DEV Community

loading...

Easy deploy of docker based projects

erickgnavar profile image Erick 🙃 Navarro Originally published at erick.navarro.io on ・6 min read

I have a personal server where I run some projects, some of them written in python, elixir and other technologies so having to deal with specific installation of any of these technologies is not an ideal workflow, to fix this I use docker and all of them are deployed using docker-compose, they're connected to a single PostgreSQL server and they're behind the same web server.

Running all of these projects in this way it's easier to maintain and in case something happens with the server I can re deploy everything in a easy way. Let's take a look to these tools and how they work together.

Let's assume we have the following requirements:

  • Deploy a django application
  • Deploy a phoenix application
  • Each application needs a PostgreSQL database
  • Both applications should be behind a web server and being accessed over HTTPS
  • All of these should run in the same server

To solve this we're going to:

  • Set up a linux server
  • Install PostgreSQL
  • Configure a web server which will handle incoming traffic and SSL termination
  • Run our applications inside Docker containers

Setting up a server

If you already have a server you can skip this section.

We first need a server which can run docker, most linux distros can be used for this but in this case we'll be using Ubuntu Server, if you don't have a server yet you can use any of these referral links to get some credit when you create your account:

  • Digital Ocean this will get you $100 on credits to be used in 2 months
  • Hetzner this will get you 20€ on credits, this provider has cheaper prices than Digital Ocean but it only have data centers in Europe
  • Linode This is not a referral link but you can get $100 on credits, AFAIK it doesn't expire

Once you get a server it's recommended to make some basic configurations like updating packages, setup a firewall, etc. You can follow this Linode guide to secure your server.

After that you need to install docker, to do that you can follow the official documentation, this have specific instructions for you linux distribution.

Once we have docker and docker-compose installed we can follow this guide.

Installing PostgreSQL in our host machine

We're going to use a unique instance of PostgreSQL installed in the host machine, this way we can share the resources used by PostgreSQL with all the applications that we're going to deploy, we just need to create new users and databases for each one of the applications.

First let's install PostgreSQL with:

sudo apt install postgresql-server
Enter fullscreen mode Exit fullscreen mode

We need to login with postgres user so we can be able to enter to a psql session. We can do it with:

sudo su - postgres
Enter fullscreen mode Exit fullscreen mode

Now we can open a psql session and create the databases and users for our applications:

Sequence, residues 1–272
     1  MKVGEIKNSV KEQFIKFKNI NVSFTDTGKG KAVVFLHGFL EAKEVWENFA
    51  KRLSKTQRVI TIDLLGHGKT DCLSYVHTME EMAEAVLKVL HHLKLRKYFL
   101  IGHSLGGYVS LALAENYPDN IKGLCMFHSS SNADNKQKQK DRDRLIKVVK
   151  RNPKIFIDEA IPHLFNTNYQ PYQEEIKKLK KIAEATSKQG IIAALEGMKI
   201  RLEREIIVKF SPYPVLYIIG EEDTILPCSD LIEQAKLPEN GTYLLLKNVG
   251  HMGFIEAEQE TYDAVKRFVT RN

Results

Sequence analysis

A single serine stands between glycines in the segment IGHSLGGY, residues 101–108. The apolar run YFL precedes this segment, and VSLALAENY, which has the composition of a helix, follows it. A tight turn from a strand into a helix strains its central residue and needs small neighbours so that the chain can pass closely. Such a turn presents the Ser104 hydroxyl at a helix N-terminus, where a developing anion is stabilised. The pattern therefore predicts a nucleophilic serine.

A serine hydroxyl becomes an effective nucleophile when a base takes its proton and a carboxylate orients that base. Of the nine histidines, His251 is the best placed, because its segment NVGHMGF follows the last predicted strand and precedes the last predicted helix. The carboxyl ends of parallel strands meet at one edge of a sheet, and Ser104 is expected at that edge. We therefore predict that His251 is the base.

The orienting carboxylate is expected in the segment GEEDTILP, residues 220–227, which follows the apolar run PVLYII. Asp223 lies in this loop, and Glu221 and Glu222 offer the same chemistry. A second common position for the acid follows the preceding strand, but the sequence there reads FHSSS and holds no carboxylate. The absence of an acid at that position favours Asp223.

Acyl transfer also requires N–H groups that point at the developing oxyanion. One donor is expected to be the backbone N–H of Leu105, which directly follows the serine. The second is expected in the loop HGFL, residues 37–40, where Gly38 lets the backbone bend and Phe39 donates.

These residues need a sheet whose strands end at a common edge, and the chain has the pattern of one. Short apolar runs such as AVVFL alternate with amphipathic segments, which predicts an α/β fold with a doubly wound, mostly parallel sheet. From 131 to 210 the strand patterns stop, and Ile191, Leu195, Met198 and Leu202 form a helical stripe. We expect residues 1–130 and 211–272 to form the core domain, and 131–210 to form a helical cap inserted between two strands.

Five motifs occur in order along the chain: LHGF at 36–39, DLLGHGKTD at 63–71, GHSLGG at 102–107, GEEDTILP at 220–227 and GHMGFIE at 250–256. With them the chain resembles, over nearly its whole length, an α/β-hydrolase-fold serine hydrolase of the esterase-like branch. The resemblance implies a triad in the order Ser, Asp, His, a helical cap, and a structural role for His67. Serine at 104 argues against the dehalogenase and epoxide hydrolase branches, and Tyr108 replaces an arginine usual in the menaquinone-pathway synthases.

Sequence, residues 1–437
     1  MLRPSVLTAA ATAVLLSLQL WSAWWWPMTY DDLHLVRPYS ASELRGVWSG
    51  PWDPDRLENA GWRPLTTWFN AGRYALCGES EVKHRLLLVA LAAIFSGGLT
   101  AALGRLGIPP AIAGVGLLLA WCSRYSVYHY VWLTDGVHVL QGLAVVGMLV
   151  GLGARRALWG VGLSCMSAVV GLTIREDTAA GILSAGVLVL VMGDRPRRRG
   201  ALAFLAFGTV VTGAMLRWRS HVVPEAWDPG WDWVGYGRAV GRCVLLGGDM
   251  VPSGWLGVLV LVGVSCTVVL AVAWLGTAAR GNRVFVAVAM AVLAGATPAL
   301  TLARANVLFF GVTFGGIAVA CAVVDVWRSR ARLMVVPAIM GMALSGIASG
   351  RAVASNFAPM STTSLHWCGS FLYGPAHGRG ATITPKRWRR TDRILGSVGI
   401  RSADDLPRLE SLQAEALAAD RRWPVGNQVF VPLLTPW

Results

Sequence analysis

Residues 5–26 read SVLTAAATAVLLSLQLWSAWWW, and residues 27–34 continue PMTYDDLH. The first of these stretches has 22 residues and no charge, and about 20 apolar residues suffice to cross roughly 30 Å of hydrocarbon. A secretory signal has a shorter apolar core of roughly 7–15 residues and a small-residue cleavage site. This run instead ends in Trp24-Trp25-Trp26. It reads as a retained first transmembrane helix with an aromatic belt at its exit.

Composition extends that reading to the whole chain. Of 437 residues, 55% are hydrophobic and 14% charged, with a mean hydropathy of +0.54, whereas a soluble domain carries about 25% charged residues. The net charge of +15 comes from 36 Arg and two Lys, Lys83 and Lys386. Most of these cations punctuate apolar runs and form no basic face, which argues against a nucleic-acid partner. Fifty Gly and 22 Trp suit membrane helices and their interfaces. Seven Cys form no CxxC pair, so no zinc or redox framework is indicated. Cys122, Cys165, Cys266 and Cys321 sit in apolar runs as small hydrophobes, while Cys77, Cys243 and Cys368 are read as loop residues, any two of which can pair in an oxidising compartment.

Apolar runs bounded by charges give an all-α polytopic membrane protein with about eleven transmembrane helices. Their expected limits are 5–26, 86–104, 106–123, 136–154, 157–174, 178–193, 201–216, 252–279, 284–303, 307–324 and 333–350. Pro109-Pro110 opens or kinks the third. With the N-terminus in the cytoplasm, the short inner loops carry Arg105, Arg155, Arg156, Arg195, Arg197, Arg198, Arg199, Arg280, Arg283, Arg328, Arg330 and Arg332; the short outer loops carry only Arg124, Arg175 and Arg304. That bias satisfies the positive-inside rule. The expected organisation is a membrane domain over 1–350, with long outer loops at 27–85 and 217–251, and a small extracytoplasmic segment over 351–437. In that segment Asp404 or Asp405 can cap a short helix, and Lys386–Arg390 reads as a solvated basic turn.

postgres=# CREATE USER django WITH ENCRYPTED PASSWORD 'secret';

postgres=# CREATE DATABASE django WITH OWNER django;
Enter fullscreen mode Exit fullscreen mode

And we do the same for our phoenix application:

postgres=# CREATE USER phoenix WITH ENCRYPTED PASSWORD 'secret';

postgres=# CREATE DATABASE phoenix WITH OWNER phoenix;
Enter fullscreen mode Exit fullscreen mode

Configuring Caddy as a reverse proxy

Caddy is a "new" web server written in Go that have 2 main features that make it a good option for simpler deployments:

  • Simpler configuration file
  • Free auto configured SSL certificates, using Let's Encrypt service, and automatic renewals

If we were using for example Nginx we have to deal with HTTPS certificates by ourselves, installing certbot, and also have to configure some way to renew the certificates, Let's Encrypt issues certificates that expire after 3 months.

Let's define our domains django.domain.com and phoenix.domain.com which will send traffic to their specific applications.

Our django application needs that Caddy serves the static files so we define file_server option and tell caddy where are our static files, we also tell Caddy to send the traffic to port 8000 where our application is listening.

django.domain.com {
    root * /opt/django

    @notStatic {
        not path /static/*
    }

    reverse_proxy @notStatic localhost:8000
    file_server
}
Enter fullscreen mode Exit fullscreen mode

Our phoenix application will serve static files by itself so we just need to define the reverse_proxy directive to be able to send the traffic to port 4000

phoenix.domain.com {
    reverse_proxy localhost:4000
}
Enter fullscreen mode Exit fullscreen mode

Now when we reload our caddy server with sudo systemctl reload caddy it will get the SSL certificates and internally will check if they still valid, otherwise it will renew them.